How to Respond to Five of the Most Difficult Interview Questions

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An article by contributor Rachael Murphey.stumped

Job interviews are often stressful. However, being prepared for interviews will help you gain confidence and land you the job you want. Read on for answers to some of the toughest interview questions.

1. “Why should I hire you?”

The employer wants you to discuss how your skills match the position for which they’re hiring. First, examine the job posting for the position you’re seeking. Write down the qualifications they’re searching for in an ideal candidate. Then, decide how your skills meet the employer’s expectations. For example, if they’re looking for someone with five years of experience for a teaching job, then be sure to tell them not just how you meet those expectations, but also highlight your accomplishments. If you were promoted or given an award by your employer, brag about it. See’s article on reducing nerves and putting your best foot forward.

2. “Why do you want to leave your current job?”

To answer this, don’t disparage your current employer or boss. Doing so will make you seem ungrateful or difficult. Instead, tell the hiring manager that you feel you aren’t quite challenged enough at your job. Then, follow this by telling them what you believe you would enjoy about the job for which you’re interviewing.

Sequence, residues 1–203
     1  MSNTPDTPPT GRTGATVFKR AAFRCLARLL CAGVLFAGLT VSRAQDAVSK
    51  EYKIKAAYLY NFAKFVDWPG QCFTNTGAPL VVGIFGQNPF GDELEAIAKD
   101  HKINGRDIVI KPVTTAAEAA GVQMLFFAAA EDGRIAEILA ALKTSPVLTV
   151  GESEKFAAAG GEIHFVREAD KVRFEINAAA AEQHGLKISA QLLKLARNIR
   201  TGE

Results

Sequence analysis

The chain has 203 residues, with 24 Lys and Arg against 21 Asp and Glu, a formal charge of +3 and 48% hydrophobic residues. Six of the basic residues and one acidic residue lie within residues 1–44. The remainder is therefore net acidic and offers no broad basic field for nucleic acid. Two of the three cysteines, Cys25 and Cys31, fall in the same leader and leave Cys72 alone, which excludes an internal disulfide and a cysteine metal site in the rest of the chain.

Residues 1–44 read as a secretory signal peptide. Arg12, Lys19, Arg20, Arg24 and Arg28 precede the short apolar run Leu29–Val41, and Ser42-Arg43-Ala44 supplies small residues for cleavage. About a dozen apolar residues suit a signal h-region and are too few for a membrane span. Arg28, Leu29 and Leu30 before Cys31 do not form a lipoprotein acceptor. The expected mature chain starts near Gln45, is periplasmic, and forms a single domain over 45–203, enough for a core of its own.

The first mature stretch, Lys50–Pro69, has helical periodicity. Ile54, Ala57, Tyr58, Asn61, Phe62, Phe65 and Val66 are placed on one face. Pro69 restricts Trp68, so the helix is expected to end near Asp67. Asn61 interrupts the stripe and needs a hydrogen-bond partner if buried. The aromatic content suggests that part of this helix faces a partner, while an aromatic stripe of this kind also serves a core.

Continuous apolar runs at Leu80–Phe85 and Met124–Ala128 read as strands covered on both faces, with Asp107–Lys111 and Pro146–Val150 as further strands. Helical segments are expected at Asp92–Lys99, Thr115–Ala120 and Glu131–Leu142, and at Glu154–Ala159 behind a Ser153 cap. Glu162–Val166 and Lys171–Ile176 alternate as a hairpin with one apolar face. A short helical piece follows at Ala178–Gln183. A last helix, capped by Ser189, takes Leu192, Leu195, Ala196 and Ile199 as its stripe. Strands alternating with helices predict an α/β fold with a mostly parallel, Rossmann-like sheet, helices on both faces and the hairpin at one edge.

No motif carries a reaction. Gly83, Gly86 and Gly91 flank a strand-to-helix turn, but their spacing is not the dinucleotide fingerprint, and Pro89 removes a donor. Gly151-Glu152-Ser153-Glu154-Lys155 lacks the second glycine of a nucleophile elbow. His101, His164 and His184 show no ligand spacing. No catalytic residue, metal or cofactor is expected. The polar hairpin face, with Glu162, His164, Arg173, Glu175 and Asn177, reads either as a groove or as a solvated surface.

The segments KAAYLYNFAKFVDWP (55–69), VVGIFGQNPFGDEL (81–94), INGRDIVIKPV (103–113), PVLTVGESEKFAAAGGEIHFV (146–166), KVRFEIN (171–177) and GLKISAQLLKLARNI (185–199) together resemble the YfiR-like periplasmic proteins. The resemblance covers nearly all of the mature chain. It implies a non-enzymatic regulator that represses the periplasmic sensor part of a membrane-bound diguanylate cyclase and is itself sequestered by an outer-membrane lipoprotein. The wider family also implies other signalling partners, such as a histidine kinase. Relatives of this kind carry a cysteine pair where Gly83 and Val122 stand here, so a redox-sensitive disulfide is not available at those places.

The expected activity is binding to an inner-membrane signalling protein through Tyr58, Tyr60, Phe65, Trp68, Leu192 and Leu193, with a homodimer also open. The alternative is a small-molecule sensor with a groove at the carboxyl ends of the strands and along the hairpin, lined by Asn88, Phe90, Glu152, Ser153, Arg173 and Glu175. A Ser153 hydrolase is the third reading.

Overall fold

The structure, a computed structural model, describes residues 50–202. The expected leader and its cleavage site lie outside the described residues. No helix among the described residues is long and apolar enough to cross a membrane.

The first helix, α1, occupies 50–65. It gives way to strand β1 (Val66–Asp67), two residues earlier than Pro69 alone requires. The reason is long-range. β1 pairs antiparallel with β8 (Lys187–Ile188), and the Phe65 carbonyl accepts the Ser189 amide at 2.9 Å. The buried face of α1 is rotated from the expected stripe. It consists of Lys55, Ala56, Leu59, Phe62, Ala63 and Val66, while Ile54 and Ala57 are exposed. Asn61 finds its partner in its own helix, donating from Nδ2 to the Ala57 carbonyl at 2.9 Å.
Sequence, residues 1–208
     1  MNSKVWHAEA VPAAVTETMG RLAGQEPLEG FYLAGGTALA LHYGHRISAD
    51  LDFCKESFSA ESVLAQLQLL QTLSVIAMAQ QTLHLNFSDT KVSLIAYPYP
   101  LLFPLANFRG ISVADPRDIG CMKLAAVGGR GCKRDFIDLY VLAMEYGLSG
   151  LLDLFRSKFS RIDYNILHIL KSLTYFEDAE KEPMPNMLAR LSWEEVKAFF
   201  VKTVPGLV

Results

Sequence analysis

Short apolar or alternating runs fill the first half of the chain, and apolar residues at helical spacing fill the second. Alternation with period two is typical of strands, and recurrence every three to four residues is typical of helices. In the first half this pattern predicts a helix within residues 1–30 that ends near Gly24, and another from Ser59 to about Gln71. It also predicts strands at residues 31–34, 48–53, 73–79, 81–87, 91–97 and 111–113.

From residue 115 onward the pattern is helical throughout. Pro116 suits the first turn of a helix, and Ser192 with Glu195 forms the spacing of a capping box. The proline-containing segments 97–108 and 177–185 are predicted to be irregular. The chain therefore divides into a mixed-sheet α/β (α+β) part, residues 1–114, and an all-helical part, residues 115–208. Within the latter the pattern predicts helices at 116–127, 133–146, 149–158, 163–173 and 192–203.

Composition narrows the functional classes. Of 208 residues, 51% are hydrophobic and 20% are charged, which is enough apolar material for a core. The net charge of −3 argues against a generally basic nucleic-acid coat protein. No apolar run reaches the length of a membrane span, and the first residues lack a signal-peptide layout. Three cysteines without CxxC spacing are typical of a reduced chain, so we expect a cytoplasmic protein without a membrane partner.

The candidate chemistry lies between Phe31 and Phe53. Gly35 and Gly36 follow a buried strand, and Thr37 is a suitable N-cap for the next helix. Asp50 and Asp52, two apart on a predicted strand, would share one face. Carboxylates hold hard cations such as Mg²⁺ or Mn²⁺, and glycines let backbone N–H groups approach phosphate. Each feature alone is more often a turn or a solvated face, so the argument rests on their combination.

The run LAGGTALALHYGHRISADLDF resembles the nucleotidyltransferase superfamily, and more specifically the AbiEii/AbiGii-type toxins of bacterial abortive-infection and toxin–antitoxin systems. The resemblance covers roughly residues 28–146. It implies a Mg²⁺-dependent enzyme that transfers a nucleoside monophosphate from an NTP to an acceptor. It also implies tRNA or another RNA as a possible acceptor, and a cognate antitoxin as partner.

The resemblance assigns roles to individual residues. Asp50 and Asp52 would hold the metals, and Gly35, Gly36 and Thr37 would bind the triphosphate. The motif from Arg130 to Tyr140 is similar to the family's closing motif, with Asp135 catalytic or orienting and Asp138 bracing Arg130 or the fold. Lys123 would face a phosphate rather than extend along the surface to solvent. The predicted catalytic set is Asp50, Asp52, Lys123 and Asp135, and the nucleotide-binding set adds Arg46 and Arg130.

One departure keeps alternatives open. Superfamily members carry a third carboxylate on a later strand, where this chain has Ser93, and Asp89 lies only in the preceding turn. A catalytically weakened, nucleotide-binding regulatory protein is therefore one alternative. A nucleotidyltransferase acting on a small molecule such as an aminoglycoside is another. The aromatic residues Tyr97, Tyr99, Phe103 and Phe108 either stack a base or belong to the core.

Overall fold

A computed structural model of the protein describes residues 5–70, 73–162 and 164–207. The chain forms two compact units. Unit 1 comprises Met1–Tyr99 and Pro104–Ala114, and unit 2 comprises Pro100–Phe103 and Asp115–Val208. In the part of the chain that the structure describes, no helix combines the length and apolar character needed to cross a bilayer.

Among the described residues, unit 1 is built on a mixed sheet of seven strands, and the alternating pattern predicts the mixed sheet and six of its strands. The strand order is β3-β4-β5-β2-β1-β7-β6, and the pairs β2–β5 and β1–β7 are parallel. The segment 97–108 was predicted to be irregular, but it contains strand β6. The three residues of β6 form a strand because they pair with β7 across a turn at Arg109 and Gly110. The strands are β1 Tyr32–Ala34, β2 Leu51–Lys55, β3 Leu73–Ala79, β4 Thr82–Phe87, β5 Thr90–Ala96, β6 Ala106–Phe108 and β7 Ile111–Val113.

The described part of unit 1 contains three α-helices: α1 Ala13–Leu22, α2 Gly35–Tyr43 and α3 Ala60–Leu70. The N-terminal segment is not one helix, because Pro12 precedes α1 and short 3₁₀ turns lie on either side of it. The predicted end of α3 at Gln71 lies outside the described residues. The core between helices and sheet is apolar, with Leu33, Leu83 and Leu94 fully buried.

3. “Where do you see yourself in five years?”

This question is an inquiry about your priorities and goals. To answer this one, spend some time preparing a short list of personal career goals before you go in to interview. Make sure your list relates to the job you’re seeking.

4. “What is your biggest weakness?”

To answer this question satisfactorily, never admit to a major flaw. The employer will eliminate you if you list a deal-breaking weakness, such as “I have a hard time getting along with my co-workers.” The key is to turn your weakness into an asset. For example, say something like, “I’m a worrier. I’m always overly conscientious about meeting deadlines,” or “I have trouble saying ‘no.’ At my last job I served on three committees while also meeting productivity levels.”

5. “Are you going to require maternity leave?”

This is one of several illegal questions that interviewers should know not to ask, but it does happen. According to a Charlotte NC Employment Law Attorney, if you do encounter questions that pry into your personal life, marital status, religious affiliation, or other factors that cannot legally be considered in employment decisions, the best response is “There is nothing in my personal life that will negatively affect my ability to perform this job.”
The key to answering these tough questions is to prepare answers in advance. Pay careful attention to the job posting, and learn as much as you can about the hiring organization beforehand.

Rachael Murphey is a recent graduate from the University of Colorado Boulder. She writes on entrepreneurship, finance, and personal success. She currently lives in Denver with her dog Charlie.

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One response to “How to Respond to Five of the Most Difficult Interview Questions”

  1. Pam Lassila says:

    I would really like to have an interview coach! I feel like that would take so much stress off of the interview. If you got to practice a few times with your coach then you would feel so much more prepared and less nervous.